Abstract

Quartz dioritic impact melt dikes around the 1.85 Ga Sudbury Igneous Complex, locally referred to as offset dikes, are well endowed with respect to Ni-Cu-platinum group elements (PGE). However, only those dikes proximal (<6 km) to the main mass of the Sudbury Complex are mineralized at an economic grade and, in places, host world-class deposits. We report on a new discovery of such heavily mineralized offset dike at Rathbun Lake, about 15 km east of the currently known extent of the Sudbury Igneous Complex. There, a segment of amphibole quartz diorite is exposed at the contact between Huronian metasedimentary rocks and gabbro of the 2.22 Ga Nipissing Suite, xenoliths of which are abundant throughout the diorite and record textural evidence of partial melting. The mafic inclusion-bearing quartz diorite is the host of the Rathbun Lake showing, a small but high-grade PGE-Cu(-Ni) sulfide occurrence of hitherto controversial origin.

A detailed petrographic and mineralogical characterization of this occurrence revealed a two-stage mineralization history. Disseminated to semimassive (net-textured) chalcopyrite ± loop-textured pentlandite ± magnetite containing Pd-bismuthotellurides and, more rarely, sperrylite and native gold—all of which are closely associated with base metal sulfides—are interpreted as magmatic. The semimassive sulfide averages ~40 g/t Pd + Pt + Au at a Cu/(Cu + Ni) of >0.9 and a Pd/Ir of >100,000. Mineralogy, ore textures, and mantle-normalized PGE + Au patterns match a specific type of Cu-rich mineralization in the Sudbury Igneous Complex known as footwall mineralization. By analogy with these footwall deposits, the occurrence is interpreted as having formed by downward percolation of a highly fractionated sulfide melt toward the bottom of a now largely eroded offset dike. The magmatic paragenesis was hydrothermally overprinted at lower greenschist-facies conditions to pyrite-chalcopyrite-violarite ± covellite ± millerite. This involved also local remobilization into pyrite-chalcopyrite veinlets and the liberation of precious metal minerals from their sulfide hosts. In contrast to base metal sulfides, most precious metal minerals were resistant to hydrothermal alteration, although corrosion of some grains is noted as well as their truncation by chlorite and epidote. Micron-scale X-ray mapping revealed a progressive replacement of magmatic Pd-Bi-Te minerals, where in contact with hydrous silicates, by Sb- and Hg-bearing Pd minerals such as temagamite, Pd3HgTe3. The timing and nature of this hydrothermal overprint remains uncertain, but a connection to later regional metamorphism and faulting seems most plausible.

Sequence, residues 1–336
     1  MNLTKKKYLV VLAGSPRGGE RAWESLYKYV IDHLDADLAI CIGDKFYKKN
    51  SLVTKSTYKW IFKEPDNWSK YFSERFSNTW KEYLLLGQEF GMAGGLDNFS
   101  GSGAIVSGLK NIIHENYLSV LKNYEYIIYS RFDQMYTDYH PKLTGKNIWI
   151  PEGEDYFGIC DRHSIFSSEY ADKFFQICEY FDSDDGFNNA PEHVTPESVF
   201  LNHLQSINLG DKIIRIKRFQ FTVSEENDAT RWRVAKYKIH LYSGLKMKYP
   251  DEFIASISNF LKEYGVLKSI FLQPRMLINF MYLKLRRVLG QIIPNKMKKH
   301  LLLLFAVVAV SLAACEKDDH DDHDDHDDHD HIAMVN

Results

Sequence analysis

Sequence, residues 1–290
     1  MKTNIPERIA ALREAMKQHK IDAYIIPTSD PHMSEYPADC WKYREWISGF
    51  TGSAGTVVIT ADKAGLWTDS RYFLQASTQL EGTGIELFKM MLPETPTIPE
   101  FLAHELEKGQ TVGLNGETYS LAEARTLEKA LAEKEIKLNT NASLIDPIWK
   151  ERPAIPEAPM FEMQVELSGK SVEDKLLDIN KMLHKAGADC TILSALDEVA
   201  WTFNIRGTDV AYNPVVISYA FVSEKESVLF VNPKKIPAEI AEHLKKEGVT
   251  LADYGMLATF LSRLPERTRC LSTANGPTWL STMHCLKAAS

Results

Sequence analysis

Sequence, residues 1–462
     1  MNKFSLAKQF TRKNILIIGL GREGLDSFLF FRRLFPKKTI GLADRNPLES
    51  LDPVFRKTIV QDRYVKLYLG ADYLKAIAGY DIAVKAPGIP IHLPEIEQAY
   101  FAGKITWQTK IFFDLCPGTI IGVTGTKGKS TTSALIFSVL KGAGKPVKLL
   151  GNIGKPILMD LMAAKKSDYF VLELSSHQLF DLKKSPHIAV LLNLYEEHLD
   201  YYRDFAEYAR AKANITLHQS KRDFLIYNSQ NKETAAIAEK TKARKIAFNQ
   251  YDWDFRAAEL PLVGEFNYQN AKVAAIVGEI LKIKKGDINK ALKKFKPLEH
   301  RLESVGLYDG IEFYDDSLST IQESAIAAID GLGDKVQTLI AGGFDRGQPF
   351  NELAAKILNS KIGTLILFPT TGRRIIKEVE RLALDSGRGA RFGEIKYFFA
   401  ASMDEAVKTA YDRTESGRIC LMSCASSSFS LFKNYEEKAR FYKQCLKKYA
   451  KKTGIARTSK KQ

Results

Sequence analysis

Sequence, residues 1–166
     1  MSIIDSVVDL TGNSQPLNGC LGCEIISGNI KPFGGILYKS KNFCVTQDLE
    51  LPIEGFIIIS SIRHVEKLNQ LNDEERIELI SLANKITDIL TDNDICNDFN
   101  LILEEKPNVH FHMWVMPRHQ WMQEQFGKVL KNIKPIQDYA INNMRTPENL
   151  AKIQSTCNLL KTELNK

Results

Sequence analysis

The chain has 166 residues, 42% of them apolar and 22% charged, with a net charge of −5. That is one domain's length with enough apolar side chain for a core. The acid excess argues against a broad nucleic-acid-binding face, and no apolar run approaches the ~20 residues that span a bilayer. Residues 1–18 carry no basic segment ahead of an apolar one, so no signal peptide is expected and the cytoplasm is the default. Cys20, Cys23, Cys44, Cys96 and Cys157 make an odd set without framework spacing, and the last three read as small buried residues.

Our finding of magmatic PGE-base metal sulfide at Rathbun Lake suggests a new subtype of distal offset dike-hosted mineralization in an area so far not known for offset dikes. It opens up new opportunities in the search for unconventional ore deposits around the Sudbury impact structure and improves our understanding on the distribution of impact melt-derived dikes around complex craters.

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